Aspen Skiing Co., Alterra Mountain Co., Arapahoe Basin and others say they’re owed more than $2 million after the coronavirus ended the season early

Colorado may have missed a deadline to plan for reducing greenhouse gasses. Now the state faces a lawsuit.

Some critics say what is lacking is a lead from Gov. Jared Polis

When skiing stopped, so did pooping. Wastewater workers in Aspen and Vail faced a pile of problems.

The science of keeping the flora in a sewage treatment system balanced was knocked out of kilter when coronavirus shut skiing down and water use dropped 50% in two of Colorado’s most popular ski communities.

The day skiing died: Inside the historic day coronavirus forced Colorado’s ski industry to shutter

Resorts wanted one more day to close since the shutdown happened as visitors from all over the country were flocking to Colorado for spring break. Gov. Polis said waiting would have led to more infections.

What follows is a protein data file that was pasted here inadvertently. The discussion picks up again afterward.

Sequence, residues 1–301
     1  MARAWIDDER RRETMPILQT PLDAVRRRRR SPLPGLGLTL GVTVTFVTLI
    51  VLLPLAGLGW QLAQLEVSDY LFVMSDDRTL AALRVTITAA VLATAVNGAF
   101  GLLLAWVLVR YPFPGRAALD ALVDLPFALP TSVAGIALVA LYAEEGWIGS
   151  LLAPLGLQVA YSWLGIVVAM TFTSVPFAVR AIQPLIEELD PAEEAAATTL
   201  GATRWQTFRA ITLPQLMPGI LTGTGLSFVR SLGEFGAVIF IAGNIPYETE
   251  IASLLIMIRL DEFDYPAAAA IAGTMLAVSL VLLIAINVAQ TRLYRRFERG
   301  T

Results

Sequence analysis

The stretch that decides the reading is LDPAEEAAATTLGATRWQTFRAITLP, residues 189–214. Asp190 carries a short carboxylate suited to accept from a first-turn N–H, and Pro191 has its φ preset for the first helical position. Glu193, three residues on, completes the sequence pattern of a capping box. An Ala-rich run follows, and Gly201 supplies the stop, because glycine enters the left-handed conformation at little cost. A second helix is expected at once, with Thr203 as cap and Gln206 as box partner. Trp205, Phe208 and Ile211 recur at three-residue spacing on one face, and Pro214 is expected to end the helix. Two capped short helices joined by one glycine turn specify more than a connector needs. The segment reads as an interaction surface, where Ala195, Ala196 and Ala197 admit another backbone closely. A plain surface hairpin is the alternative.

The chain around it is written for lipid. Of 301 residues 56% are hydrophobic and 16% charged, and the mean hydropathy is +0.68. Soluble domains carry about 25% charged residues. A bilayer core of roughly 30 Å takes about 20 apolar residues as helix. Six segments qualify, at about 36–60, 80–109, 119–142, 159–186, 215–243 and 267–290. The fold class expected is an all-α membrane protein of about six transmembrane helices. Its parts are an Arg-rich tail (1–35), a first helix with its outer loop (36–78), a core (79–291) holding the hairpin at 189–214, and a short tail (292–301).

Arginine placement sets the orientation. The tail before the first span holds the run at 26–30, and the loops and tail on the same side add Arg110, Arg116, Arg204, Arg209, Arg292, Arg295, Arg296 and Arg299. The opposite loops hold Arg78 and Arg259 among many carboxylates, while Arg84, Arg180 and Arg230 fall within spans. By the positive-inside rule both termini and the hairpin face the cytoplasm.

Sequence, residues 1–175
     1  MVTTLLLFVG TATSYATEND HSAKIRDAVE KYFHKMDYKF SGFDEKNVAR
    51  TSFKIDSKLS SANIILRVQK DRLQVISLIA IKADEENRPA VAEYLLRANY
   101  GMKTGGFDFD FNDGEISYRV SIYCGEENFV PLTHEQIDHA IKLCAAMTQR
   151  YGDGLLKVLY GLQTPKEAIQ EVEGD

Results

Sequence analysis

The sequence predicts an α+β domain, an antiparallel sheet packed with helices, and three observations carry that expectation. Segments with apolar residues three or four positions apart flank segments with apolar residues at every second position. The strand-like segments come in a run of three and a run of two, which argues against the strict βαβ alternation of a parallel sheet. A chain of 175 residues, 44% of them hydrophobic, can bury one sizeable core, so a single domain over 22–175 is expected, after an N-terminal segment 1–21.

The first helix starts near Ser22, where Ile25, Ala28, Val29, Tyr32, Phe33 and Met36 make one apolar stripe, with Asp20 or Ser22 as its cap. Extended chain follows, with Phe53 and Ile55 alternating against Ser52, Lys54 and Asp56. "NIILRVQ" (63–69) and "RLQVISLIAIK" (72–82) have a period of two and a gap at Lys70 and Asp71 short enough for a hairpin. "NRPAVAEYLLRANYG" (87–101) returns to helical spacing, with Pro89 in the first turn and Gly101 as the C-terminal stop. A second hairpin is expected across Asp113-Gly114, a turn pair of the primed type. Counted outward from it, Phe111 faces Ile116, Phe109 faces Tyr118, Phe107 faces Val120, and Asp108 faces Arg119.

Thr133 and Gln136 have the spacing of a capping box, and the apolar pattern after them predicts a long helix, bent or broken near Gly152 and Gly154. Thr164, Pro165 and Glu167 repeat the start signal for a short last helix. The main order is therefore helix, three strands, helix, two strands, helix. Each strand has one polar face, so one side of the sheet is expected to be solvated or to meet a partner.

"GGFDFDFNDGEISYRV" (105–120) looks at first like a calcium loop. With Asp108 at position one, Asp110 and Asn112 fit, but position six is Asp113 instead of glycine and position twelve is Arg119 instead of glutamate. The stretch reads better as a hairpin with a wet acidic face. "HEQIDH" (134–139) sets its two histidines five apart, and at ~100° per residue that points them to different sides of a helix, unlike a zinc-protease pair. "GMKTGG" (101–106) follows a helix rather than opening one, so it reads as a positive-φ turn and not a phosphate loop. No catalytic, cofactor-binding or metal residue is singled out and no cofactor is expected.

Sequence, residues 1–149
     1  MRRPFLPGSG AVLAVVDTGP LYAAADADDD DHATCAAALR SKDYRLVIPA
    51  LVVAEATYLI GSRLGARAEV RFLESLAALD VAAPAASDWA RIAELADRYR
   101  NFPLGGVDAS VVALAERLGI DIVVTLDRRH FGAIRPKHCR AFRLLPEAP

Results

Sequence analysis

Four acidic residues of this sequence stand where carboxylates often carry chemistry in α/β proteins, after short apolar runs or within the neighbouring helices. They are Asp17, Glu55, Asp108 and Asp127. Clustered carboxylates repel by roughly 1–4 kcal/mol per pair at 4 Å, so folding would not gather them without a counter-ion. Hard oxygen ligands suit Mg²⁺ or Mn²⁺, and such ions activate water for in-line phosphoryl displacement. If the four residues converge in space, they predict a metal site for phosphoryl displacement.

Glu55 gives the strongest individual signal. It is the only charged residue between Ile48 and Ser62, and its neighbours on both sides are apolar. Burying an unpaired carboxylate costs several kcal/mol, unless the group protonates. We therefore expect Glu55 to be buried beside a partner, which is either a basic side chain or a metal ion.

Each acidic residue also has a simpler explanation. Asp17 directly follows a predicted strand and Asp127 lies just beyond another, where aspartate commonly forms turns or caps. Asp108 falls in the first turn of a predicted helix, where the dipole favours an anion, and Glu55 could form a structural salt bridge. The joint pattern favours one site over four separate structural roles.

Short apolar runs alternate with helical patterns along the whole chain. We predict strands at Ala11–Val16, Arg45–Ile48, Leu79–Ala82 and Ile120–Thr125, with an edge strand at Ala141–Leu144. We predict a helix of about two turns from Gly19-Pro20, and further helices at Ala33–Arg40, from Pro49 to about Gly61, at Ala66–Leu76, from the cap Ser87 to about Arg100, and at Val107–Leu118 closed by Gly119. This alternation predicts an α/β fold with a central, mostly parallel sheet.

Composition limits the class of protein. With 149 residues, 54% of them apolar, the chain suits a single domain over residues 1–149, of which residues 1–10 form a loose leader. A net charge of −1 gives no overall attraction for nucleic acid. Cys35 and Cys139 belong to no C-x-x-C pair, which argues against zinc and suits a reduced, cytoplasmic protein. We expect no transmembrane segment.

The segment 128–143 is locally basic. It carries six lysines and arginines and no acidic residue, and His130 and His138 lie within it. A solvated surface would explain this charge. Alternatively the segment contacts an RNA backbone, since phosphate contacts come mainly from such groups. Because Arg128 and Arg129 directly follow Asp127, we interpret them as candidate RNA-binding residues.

Hundreds of international workers at Colorado ski resorts are in limbo as countries close borders, airlines cancel flights

“It’s not that we want to stay. We just can’t leave,” says a ski instructor from Argentina who is among hundreds of J-1 and H-2B visa workers trapped in resort towns unable to get home.

Early closure of ski resorts triggers “feeding frenzy” for uphill touring and backcountry ski equipment

Vail Resorts put the brakes on use of its mountains for skiers seeking turns without lifts, but independent backcountry ski shops across the state are reporting record sales.

A pair of skiers skin uphill at Loveland Ski Area on March, 20, 2020, near Georgetown. With many closures in Colorado due to the coronavirus pandemic, many more skiers and snowboarders opt for uphilling equipment to keep skiing in the backcountry and on ski resorts without chairlifts running. (Hugh Carey, Special to The Colorado Sun)

Colorado ski resorts remain open, but change chairlift rules and dining options to avoid coronavirus spread

Large gatherings have been banned in Colorado ski counties to prevent the spread of COVID-19, but lift lines aren’t included so resorts are still open while mountains across Europe and Asia close for the season